Born in New York, raised in Los Angeles, and currently residing in the San Francisco Bay Area.

While a teenager designed and built a full-scale Japanese tea house out of scavenged materials.

Awarded an undergraduate fellowship to pursue experiments in photographic process at UCLA. While at school worked as an exhibition installer at the University’s fine arts and ethnographic museums.

In 1969 quit school and co-founded the Los Angeles Fine Arts Squad, a trompe l’oeil mural painting group that executed large-scale outdoor commissions in Los Angeles and Paris. One of the murals, “Beverly Hills Siddhartha,” covered 500 square meters and took a year to complete.

Tired of painting, applied and admitted to the graduate school of architecture at UCLA. Received a master's degree in architecture and urban planning.

From 1972 through 1976 worked as an artist creating bath events, unusual bathing environments, and paper works about bathing—including the fold-out book 17 Beautiful Men Taking a Shower and the silkscreen print “23 Beautiful Women Taking a Bath.”

In 1976 founded WET: THE MAGAZINE OF GOURMET BATHING, one of the premier avant-garde publications of the 1970s, based in Venice, California. WET’s contributors included many promising young talents such as Matt Groening, Matthew Ralston, and April Greiman.

Burned out on magazine publishing, shut WET down in late 1981 and began a series of sojourns to Tokyo to work on music videos for Japanese television.

From 1983 through 1986 produced a twice-monthly column titled “Dr. Leonardo’s Guide to Cultural Anthropology” for BRUTUS, a popular Japanese lifestyle magazine.

In 1984 wrote and designed New Fashion Japan, a book about the world of Japanese fashion past and present. Stimulated by the book-making process, continued to make more books: 283 Useful Ideas from Japan (1988), an illustrated compendium of Japanese product, service, marketing, and communication ideas; Graphic Design Cookbook, Mix & Match Recipes for Faster, Better Layouts (1989), a taxonomy of useful basic graphic design structures and forms; The Haggler’s Handbook (1991), an easy-to-read, easy-to-remember guide to everyday negotiating; Noise Reduction (1992), a simple, generic, how-to meditation guide; How to Take a Japanese Bath (1992), a picture book; and How to Rake Leaves (1993), an illustrated reflection on the evanescence of life.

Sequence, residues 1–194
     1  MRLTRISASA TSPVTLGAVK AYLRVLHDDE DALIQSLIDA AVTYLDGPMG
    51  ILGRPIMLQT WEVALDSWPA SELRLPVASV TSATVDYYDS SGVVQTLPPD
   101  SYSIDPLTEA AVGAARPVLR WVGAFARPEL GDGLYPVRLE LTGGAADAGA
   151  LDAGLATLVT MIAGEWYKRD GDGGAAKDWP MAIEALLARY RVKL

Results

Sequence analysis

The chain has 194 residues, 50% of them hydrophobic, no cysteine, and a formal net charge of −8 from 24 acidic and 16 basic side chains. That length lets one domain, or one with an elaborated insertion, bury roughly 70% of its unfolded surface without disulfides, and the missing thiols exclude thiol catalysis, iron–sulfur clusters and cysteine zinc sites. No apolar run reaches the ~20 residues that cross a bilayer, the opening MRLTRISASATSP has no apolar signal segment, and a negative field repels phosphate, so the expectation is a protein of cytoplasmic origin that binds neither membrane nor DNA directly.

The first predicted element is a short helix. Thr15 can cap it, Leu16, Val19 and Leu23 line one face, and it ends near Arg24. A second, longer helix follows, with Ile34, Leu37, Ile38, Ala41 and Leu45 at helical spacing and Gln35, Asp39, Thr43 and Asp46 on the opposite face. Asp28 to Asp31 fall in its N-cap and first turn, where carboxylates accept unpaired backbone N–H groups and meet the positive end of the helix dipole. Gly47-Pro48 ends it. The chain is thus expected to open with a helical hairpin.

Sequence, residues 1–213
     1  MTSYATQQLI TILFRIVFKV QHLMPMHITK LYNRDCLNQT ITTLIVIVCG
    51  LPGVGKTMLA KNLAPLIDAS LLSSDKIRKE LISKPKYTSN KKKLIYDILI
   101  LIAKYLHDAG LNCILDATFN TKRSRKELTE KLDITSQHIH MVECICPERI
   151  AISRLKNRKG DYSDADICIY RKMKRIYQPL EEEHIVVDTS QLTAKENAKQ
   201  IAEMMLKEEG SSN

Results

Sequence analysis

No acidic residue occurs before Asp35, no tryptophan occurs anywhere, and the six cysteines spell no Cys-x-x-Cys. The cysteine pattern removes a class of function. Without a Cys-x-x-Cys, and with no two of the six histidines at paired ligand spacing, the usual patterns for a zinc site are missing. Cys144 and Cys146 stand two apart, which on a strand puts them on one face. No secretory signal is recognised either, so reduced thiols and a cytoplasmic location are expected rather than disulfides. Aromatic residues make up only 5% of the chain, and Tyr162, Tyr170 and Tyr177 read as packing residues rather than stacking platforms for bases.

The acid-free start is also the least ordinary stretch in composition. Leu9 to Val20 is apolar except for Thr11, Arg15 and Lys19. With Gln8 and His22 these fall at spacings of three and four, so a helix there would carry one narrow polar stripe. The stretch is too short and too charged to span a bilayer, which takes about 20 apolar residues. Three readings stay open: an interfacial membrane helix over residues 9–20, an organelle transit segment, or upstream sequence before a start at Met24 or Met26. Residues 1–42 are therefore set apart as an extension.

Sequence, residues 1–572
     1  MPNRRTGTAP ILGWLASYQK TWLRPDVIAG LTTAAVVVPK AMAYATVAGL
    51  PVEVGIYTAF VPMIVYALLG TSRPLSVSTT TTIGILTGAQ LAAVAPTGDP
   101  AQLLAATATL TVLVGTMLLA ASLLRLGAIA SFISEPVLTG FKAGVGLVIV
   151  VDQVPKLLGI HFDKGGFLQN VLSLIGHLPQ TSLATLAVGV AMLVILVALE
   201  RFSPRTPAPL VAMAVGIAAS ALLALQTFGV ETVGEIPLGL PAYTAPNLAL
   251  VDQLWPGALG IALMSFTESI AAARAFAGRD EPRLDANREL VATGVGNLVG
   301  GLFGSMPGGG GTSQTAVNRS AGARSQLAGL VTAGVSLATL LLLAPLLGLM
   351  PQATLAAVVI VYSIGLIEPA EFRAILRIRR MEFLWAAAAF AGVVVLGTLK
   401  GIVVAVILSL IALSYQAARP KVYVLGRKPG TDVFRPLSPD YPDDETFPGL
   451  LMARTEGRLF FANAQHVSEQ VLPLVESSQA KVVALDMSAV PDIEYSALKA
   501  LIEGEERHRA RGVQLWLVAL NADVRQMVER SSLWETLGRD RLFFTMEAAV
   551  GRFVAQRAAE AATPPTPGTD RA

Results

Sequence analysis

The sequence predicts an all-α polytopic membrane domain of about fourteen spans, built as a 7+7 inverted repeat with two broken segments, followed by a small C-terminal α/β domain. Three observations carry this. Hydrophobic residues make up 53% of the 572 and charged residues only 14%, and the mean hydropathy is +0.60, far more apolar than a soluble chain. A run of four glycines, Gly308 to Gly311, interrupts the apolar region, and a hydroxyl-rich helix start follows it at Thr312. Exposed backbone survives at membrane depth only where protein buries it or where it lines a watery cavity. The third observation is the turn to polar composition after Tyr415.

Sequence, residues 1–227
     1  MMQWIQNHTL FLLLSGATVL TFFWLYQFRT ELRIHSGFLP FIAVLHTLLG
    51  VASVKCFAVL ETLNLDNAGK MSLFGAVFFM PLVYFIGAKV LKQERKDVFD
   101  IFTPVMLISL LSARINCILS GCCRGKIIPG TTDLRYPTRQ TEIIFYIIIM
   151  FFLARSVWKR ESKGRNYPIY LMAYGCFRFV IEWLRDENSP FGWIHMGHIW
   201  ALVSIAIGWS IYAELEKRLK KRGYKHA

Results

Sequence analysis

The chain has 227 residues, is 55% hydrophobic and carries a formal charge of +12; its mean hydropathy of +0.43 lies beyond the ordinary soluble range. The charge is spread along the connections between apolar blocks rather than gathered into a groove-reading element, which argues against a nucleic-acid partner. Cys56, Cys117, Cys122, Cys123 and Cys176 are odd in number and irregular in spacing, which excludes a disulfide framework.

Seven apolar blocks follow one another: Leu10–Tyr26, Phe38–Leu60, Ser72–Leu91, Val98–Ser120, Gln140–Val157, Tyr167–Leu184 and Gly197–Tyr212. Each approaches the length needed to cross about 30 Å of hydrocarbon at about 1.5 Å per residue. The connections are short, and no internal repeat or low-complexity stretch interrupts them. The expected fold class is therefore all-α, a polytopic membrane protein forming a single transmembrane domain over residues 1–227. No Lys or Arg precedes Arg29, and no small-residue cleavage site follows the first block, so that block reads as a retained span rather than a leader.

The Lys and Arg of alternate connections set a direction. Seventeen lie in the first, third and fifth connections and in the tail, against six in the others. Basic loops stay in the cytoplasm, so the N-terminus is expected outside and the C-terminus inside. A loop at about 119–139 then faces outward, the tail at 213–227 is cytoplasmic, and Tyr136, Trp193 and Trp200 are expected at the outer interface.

His nine most recent books—Wabi-Sabi for Artists, Designers, Poets & Philosophers (1994), Undesigning the Bath (1996), Gardens of Gravel and Sand (2000), 13 Books (2001), Arranging Things: A Rhetoric of Object Placement (2003), The Flower Shop: Charm Grace Beauty, Tenderness in a Commercial Context (2005), Which "Aesthetics" Do You Mean?: Ten Definitions (2010), Making WET: The Magazine of Gourmet Bathing (2012) and Wabi-Sabi: Further Thoughts (2015)—are featured on this website.

Koren also consults about design-, aesthetic-, and communications-related issues for companies large and small, including Condé Nast, General Mills, American Standard, Shiseido, Panasonic, Toto, Axel Vervoordt, Sowden Design, and others.